Doubts About COVID-19 Vaccine Among People Of Color : Coronavirus Updates : NPR

A health worker injects a woman during clinical trials for a COVID-19 vaccine in Hollywood, Fla., last month.

Eva Marie Uzcategui/Bloomberg via Getty Images

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Eva Marie Uzcategui/Bloomberg via Getty Images

A health worker injects a woman during clinical trials for a COVID-19 vaccine in Hollywood, Fla., last month.

Eva Marie Uzcategui/Bloomberg via Getty Images

The Food and Drug Administration is preparing for the eventual roll-out of one or more COVID-19 vaccines — by identifying the concerns that some people have about taking such a vaccine.

At a meeting Thursday of experts advising the FDA on COVID-19 vaccines, the concerns of frontline workers and people of color were read aloud verbatim, highlighting the crucial project of communicating the safety and effectiveness of a vaccine in an environment of deep political distrust.

Those concerns were gathered at a series of listening sessions organized by the Reagan-Udall Foundation, a nonprofit that works to advance the work of the FDA.

Susan Winckler, the foundation’s CEO, noted that its study was rather narrow, with a focus on the role of the FDA in vaccine review and approval.

Nonetheless, participants in the sessions voiced a range of concerns:

  • “I would not be first in line and I would want to see some data.”
  • “When I hear the FDA say that have a particular process, but then I hear the White House say they can cut it in half or negate it – it brings more distrust.”
  • “We are not going to be guinea pigs again.”
  • “African Americans are treated differently by doctors.”
  • “I am looking for an organization I can trust that does not have a tainted history and has not been brought out by some big pharma.”

The listening sessions focused on two groups of people. One focus was frontline workers in service, retail, and healthcare settings. The second focus was people who are often underrepresented and are at increased risk for COVID-19: Black, Hispanic, and Indigenous/Native American communities.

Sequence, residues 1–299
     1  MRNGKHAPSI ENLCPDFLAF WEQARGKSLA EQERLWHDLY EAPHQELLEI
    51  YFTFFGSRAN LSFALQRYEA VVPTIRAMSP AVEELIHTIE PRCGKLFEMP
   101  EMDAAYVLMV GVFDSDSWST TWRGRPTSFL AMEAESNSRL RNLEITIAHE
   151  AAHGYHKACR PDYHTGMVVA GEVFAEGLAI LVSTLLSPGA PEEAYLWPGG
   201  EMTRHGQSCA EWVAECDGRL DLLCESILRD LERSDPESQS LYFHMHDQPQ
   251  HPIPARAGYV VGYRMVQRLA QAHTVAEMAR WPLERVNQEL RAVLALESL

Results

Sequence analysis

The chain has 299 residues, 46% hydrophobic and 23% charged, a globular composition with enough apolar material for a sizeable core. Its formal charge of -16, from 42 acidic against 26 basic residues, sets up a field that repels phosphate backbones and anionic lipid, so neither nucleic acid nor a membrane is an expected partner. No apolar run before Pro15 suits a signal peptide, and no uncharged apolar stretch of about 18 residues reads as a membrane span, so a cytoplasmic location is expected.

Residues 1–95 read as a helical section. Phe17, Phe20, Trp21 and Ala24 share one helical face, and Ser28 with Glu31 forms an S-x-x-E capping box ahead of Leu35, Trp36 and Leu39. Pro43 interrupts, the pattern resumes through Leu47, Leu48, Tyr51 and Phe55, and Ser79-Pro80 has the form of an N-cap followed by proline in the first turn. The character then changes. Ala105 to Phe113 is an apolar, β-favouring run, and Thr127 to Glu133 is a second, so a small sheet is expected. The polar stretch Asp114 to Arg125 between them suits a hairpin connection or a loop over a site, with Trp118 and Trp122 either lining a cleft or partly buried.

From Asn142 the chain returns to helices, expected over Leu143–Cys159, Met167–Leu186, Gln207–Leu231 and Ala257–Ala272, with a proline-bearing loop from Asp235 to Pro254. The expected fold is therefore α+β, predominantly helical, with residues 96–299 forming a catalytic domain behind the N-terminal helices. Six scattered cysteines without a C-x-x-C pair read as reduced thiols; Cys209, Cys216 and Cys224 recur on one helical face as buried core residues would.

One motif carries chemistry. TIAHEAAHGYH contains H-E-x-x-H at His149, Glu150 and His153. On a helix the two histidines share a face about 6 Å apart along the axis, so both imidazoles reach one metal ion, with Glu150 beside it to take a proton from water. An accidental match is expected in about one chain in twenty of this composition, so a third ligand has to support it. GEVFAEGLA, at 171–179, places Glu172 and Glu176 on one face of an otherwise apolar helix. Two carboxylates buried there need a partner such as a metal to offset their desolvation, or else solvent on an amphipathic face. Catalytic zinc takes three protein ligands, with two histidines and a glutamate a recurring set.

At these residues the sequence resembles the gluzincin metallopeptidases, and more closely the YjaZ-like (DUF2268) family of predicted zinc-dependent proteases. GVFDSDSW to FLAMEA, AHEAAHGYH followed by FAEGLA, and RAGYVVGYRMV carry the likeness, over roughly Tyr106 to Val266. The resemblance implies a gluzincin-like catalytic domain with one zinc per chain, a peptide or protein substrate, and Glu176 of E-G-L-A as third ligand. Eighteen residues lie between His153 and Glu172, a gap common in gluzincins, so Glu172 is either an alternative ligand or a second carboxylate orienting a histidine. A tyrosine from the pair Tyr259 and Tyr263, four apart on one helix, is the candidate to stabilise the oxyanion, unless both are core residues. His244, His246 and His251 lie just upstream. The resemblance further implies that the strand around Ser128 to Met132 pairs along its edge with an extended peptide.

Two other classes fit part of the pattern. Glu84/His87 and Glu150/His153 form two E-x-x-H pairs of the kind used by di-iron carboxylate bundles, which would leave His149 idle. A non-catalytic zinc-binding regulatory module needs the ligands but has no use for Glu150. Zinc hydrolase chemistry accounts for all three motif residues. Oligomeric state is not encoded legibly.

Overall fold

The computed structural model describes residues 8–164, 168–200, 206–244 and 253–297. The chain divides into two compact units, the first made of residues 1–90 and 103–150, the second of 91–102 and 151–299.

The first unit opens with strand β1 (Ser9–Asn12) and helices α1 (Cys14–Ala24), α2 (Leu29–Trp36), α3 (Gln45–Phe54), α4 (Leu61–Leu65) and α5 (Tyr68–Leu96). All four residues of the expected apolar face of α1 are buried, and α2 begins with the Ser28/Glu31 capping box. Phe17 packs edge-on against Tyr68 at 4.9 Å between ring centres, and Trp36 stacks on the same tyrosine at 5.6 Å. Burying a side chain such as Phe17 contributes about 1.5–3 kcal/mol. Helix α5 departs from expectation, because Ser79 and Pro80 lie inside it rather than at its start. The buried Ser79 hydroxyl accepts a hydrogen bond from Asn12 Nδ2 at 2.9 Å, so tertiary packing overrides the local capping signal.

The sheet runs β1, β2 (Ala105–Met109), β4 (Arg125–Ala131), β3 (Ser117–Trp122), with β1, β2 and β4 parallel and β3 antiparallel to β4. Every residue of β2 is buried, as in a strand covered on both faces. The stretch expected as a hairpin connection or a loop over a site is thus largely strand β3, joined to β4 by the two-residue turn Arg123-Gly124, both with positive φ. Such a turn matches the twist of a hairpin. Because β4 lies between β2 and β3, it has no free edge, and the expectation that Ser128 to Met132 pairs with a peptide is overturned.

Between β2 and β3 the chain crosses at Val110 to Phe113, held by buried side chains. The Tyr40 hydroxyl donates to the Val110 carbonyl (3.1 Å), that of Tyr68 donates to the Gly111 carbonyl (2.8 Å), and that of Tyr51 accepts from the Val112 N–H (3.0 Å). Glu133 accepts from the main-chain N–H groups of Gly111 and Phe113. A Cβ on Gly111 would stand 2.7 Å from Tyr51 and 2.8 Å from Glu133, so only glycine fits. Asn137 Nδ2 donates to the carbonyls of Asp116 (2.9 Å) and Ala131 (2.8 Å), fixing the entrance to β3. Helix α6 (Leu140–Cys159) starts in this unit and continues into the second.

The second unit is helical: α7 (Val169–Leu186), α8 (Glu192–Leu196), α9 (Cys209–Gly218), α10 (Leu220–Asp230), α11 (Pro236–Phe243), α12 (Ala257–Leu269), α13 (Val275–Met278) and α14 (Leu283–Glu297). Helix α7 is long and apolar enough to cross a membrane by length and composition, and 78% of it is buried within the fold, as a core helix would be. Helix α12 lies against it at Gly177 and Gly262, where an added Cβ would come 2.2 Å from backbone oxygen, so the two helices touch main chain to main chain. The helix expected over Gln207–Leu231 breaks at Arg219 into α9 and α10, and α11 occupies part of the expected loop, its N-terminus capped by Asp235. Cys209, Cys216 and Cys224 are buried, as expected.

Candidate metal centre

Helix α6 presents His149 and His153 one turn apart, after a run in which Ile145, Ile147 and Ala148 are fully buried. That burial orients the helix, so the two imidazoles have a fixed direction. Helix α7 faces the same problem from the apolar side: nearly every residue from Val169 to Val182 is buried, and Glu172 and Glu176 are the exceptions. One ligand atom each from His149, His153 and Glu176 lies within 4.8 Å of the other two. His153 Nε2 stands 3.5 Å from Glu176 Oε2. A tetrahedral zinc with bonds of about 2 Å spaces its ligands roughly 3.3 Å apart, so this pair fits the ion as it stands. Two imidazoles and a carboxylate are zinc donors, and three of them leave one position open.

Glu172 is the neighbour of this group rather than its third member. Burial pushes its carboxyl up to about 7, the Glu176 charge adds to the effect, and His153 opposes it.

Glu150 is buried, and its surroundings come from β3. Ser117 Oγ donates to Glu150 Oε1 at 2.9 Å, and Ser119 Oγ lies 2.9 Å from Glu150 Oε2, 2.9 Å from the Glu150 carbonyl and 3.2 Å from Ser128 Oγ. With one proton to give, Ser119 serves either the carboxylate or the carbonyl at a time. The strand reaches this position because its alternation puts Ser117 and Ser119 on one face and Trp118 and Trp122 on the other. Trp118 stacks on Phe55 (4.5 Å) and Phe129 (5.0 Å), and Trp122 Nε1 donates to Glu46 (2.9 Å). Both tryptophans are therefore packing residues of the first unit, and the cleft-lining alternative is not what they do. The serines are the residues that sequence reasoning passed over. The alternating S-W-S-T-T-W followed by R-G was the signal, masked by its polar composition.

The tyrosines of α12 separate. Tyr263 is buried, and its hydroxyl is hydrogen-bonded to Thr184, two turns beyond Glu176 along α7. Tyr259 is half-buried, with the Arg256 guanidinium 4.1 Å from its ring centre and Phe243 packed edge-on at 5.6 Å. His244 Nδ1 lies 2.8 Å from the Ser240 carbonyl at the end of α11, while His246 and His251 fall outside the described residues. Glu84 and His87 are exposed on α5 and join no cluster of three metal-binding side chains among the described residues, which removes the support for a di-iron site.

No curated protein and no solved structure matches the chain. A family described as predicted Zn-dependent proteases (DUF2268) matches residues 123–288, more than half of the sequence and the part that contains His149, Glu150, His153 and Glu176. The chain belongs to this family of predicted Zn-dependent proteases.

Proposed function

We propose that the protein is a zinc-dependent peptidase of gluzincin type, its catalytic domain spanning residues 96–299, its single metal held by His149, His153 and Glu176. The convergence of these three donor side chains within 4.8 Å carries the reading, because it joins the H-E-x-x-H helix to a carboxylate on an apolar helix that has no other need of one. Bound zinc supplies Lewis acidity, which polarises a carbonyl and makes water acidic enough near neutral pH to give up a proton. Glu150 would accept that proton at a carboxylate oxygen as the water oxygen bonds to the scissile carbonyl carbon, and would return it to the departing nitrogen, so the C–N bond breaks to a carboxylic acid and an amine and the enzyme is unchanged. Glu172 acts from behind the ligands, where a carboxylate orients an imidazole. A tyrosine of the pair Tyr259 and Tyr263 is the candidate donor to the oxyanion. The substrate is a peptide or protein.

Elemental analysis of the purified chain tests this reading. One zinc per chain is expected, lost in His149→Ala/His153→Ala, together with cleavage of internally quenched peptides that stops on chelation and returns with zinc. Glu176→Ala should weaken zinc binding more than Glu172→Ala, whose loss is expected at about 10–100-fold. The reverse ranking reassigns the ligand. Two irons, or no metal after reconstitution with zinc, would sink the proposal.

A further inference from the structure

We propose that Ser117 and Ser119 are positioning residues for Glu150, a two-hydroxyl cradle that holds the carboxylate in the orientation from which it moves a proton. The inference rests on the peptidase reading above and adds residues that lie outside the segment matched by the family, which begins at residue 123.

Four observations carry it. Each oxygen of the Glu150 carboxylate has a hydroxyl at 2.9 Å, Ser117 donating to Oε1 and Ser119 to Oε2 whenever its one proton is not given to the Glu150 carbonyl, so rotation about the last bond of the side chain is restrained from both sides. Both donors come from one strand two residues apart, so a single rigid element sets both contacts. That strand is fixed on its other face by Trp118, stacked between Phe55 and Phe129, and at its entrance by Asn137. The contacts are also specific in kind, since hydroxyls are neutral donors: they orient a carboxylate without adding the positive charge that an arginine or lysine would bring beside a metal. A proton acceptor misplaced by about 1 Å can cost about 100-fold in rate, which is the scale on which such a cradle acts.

Eight such sessions have been conducted so far, and a few more are slated for the coming weeks. The foundation says its goal is to understand the perceptions that may lead Americans to feel hesitant about receiving a COVID-19 vaccine – and to use that information to craft messaging that address those concerns.

Winckler noted that the participants’ concerns often shared certain themes: concerns about the speed of the process, distrust of government and government agencies, distrust of the healthcare system, and concern that politics and economics will be prioritized over science.

People of color also voiced worries that the vaccine won’t work for minority populations. Among their statements:

  • “Need to know other minorities have taken it. Are other minorities ok? We’re all built different. How do we know?”
  • “I need to know that all the minorities who took it are okay. I need to know it works for everybody. I am not trying to be harmed.”

Participants also expressed fears based on past experiences. One person expressed a worry that “this is another Tuskegee experiment.”

Vaccine hesitancy was a frequent topic at Thursday’s FDA meeting — recognition that the introduction of COVID-19 vaccines will be a nationwide communications effort as much as a scientific one.

The FDA meeting itself was one effort to demonstrate that the vaccine development process in the U.S. is safe, and being handled with great care and transparency.

Marion Gruber, director of the FDA’s Office of Vaccines Research and Review, said that development of a vaccine is happening as quickly as it can – but no faster.

“Vaccine development can be expedited,” she said. “However, I want to stress that it cannot and must not be rushed.”

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